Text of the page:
may also provide food) (OGAC, 2009g, 2010b). Interviewees in partner countries indicated that this area of intervention is important. One interviewee described a need for more ‘social interventions’ for people with HIV in order to assist them to become more employable and productive, “like any other person” (331-8-PCNGO). Another described the ideal as supporting PLHIV so that they will be able to return to the jobs they held or businesses they had prior to becoming ill (331-32-PCNGO). Yet another described the positive outcomes of participation by PLHIV in income-generating activities, including providing them with a source of productive work, an opportunity for skills building, a means of contributing to the community, improved self-esteem and morale, and presumed improved treatment adherence. According to this organization, ‘they don’t just let patients sit and say I’m sick. [. . .] It is not only about giving them ARVs’ (272-32/35-PCNGO). One partner organization discussed the link between income-generating activities and reducing risk, as exemplified by the predicament of sex workers who could find no other means of employment (331-08-PCNGO).
A number of partner organizations across countries, including many local community-based organizations, described providing PLHIV with small grants to start businesses or providing or linking PLHIV with support for income-generating activities (IGAs) such as farming; raising animals; or making products to sell, such as beads, candles, or soap (240-14-USPS; 240-26-PCNGO; 240-29-USNGO; 331-20-USNGO; 272-32/35-PCNGO; 240-25-PCGOV; 331-8-PCNGO). As described by an interviewee in one partner country,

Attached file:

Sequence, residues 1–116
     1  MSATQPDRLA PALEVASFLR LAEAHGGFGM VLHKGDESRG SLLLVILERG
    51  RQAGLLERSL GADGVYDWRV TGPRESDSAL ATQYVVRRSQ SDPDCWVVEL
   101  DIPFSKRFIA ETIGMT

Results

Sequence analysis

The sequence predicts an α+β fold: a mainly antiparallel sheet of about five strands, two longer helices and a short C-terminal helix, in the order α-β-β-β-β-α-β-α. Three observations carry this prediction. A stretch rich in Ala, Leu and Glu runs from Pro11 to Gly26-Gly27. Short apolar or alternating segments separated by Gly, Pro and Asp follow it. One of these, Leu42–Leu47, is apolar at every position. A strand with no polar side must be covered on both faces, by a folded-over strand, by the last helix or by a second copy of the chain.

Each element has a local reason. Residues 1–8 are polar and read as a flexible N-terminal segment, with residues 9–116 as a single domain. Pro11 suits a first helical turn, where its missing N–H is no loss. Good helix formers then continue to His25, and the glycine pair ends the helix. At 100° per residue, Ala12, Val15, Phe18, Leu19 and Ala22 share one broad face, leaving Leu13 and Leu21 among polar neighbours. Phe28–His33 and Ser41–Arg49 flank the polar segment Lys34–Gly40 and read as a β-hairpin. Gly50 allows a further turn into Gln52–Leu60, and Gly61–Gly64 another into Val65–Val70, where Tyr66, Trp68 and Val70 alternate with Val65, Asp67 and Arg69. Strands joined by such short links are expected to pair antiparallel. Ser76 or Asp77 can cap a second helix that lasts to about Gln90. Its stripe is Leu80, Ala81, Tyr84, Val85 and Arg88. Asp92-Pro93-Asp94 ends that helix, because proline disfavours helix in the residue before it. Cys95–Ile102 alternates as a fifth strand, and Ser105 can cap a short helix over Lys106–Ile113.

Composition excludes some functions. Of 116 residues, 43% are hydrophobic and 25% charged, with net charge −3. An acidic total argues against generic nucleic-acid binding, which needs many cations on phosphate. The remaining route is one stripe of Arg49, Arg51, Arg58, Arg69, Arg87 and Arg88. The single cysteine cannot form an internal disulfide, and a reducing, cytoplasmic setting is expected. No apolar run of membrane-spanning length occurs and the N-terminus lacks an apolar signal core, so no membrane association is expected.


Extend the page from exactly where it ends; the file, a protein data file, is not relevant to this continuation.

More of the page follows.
‘The most important success in our PEPFAR-funded project is that all our beneficiaries are linked to local support and some have been successful in their income-generating activity. [. . .] This program has been very successful due to close monitoring; we have conducted certain case studies in some of our projects and most of the IGA beneficiaries have been successful.’ (240-26-PCGOV)
Although interviewees generally endorsed IGAs, some did report doubts about the value and viability of IGAs for PLHIV (272-32/35-PCNGO; 240-24-USG).
A number of interviewees across countries described success with PEPFAR support for vocational training and employment opportunity programs (396-31-PCGOV; 396-44-PCGOV; 461-7-PCNGO; 331-19-USNGO; 587-13-USG; 587-21-PCNGO; 272-26-PCNGO; 196-9-USNGO; 196-23-PCNGO; 166-27-PCNGO; 935-16-USNGO). However, interviews also described challenges in this area. Resources associated with vocational training posed challenges as did being able to transition into adequate employment, and, despite isolated program successes, vocational training remained a largely unmet need for PLHIV (396-31-PCGOV: 396-36-PCGOV; 396-45-USNGO;